# Tag Info

-1

For example ECB mode is most recommended in case if you have only one block to encrypt. i.e for example if you have two blocks of data and if you are using a ECB mode chances of sensing the plain text is more. But CBC mode can be used when you have a chain for plain blocks to be encrypted. Where the first blocks encrypted output can be used as a key to ...

0

Because XTS already solves the problem ESSIV is designed to solve. Disk encryption modes are meant for retaining some security despite the lack of space for a unique IV. They do this by making use of the sector number so that at least multiple copies of the same data stored in different places end up looking different. That is not sufficient for good ...

0

If you encrypt the private say with a 8-char password, the strength of your solution will be not 32 bytes (256 bits), but merely 8 bytes (32 bits). The comment of "user4982" above is correct. Doing your encryption process more complicated does NOT make it more secure. The strength depends only on the length of the secret. In your case it will be the ...

6

SIV is a mode specially designed for this purpose. SIV-AES would be a good choice, but it has the same issues as AES-wrap; not many implementations. If you use a GCM you should make sure that the IV is unique (if your plaintext is ever not random you would otherwise be in problems). As for the password based key derivation function: yes, PBKDF2 is good, ...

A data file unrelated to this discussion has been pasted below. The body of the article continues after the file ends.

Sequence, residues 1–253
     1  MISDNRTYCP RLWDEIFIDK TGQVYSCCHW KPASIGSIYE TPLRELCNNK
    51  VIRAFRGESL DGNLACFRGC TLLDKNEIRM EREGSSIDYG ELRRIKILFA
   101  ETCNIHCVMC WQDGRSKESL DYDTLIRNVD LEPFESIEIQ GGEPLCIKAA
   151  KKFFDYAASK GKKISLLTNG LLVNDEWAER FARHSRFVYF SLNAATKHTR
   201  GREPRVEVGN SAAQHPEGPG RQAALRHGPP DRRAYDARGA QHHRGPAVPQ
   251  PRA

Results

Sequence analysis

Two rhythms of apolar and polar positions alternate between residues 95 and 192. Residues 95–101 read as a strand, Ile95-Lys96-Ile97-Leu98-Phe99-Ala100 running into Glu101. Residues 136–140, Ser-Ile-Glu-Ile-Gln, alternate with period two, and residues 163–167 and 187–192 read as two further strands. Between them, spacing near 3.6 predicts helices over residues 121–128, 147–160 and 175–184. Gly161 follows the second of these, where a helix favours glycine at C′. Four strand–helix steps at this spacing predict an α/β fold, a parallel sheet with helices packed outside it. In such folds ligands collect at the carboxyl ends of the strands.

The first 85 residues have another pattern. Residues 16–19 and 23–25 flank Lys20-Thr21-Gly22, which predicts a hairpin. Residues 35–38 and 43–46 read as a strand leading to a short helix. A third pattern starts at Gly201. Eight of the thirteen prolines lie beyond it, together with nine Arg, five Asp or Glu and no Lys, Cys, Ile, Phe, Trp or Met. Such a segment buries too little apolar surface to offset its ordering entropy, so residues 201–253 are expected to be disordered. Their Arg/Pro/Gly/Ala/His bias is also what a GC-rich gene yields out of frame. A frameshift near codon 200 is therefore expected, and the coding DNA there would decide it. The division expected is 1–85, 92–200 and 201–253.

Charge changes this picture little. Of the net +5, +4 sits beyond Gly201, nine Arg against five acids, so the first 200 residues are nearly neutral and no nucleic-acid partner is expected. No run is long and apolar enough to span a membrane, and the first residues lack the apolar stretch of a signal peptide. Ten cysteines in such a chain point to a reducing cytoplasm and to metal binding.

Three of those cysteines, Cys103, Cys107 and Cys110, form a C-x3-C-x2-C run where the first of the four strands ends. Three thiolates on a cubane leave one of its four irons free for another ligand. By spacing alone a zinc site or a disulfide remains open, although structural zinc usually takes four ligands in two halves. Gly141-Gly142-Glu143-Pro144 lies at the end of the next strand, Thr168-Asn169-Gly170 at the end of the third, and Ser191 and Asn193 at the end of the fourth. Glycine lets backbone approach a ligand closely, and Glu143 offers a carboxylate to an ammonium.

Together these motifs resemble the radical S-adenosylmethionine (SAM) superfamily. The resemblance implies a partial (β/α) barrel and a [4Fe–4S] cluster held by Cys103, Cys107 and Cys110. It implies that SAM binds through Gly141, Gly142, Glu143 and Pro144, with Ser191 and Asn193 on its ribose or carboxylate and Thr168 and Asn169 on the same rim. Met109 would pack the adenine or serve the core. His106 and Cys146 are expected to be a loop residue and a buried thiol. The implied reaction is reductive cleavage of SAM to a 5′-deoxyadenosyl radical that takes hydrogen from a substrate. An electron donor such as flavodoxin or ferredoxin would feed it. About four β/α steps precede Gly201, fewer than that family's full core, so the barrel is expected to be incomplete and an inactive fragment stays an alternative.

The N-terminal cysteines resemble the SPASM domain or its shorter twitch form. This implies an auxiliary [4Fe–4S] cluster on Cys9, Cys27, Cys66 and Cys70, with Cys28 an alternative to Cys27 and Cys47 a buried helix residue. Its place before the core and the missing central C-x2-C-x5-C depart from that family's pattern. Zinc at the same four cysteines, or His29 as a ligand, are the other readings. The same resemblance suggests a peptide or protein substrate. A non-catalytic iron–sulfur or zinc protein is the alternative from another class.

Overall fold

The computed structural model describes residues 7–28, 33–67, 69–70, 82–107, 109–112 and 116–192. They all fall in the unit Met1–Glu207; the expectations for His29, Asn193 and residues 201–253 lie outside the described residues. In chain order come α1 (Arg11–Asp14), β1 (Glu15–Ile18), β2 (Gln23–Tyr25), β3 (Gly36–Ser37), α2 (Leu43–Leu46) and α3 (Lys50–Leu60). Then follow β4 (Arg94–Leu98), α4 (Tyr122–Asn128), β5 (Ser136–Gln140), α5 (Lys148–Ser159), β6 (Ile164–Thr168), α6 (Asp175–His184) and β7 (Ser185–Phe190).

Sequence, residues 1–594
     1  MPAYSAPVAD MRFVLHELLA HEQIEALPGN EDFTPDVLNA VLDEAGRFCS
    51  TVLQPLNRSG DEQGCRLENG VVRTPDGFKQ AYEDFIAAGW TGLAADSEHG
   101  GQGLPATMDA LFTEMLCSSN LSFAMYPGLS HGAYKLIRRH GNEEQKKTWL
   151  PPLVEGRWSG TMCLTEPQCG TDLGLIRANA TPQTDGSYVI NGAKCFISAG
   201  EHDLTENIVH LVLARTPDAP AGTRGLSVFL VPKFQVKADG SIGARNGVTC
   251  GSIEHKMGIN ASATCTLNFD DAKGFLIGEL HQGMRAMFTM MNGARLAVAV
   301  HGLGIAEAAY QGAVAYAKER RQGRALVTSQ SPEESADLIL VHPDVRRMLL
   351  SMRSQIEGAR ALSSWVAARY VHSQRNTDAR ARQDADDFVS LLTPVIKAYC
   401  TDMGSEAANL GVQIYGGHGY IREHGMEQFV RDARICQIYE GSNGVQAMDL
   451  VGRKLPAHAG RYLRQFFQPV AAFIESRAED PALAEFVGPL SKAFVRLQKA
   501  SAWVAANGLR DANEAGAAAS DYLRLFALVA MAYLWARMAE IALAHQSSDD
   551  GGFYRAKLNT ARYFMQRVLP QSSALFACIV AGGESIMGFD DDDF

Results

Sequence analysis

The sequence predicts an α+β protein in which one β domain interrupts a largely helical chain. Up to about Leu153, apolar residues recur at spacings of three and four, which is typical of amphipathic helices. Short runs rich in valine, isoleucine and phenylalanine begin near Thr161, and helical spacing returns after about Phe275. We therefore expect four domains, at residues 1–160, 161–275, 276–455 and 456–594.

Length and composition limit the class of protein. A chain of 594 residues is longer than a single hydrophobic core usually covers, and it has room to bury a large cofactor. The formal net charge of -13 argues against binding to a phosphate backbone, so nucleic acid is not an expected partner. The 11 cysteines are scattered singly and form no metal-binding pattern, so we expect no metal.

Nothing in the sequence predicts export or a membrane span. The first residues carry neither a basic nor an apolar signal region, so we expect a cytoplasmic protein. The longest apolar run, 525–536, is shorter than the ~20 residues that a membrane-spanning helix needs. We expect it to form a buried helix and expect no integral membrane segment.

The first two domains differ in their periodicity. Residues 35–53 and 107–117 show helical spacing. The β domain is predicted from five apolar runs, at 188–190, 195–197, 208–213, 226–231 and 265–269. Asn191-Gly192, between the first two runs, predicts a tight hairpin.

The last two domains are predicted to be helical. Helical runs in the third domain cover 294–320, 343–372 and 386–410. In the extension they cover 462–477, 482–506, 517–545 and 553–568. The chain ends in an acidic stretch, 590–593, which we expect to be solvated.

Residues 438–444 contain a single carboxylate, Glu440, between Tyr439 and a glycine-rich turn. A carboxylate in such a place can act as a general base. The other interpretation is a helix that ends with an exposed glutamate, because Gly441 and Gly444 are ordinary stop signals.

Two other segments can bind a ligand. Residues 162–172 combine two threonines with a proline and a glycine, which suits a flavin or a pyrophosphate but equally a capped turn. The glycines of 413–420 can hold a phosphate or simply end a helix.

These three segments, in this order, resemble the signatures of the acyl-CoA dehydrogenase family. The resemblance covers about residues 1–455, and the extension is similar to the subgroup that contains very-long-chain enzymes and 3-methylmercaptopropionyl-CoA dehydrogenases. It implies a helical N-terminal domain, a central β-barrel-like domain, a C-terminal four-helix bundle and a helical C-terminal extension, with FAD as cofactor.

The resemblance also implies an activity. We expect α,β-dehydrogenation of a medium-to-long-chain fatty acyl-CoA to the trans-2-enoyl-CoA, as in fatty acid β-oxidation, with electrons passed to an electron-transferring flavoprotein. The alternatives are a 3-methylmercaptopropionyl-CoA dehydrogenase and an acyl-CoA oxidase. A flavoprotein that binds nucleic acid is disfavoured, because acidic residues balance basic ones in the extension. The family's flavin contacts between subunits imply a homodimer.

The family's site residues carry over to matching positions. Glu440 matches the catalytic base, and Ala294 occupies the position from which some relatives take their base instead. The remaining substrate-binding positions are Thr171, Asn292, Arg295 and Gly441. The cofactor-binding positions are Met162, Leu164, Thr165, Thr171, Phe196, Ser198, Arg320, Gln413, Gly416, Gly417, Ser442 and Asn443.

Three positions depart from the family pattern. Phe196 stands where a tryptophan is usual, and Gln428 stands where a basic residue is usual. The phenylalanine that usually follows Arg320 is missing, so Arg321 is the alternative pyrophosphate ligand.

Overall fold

2

Look at how the keys $K_1$ and $K_2$ are used in CMAC (pdf, Section 6.2): If $M_n^*$ is a complete block, let $M_n = K_1 \oplus M_n^*$; else, let $M_n = K_2 \oplus (M_n^*||10^j)$, where $j = nb-Mlen-1$. They are combined with message blocks using XOR. So they must be equal in length to the block size, not the key size (if different), of the ...

2

The schemas from the relevant Wikipedia page really explain it all: As you see in the decryption schema, the IV is used for a single XOR that yields the first plaintext block; it is obvious that the IV impacts only that block. When encrypting, though, modifying the IV alters the first ciphertext block, then the second ciphertext block, and so on. The ...

Top 50 recent answers are included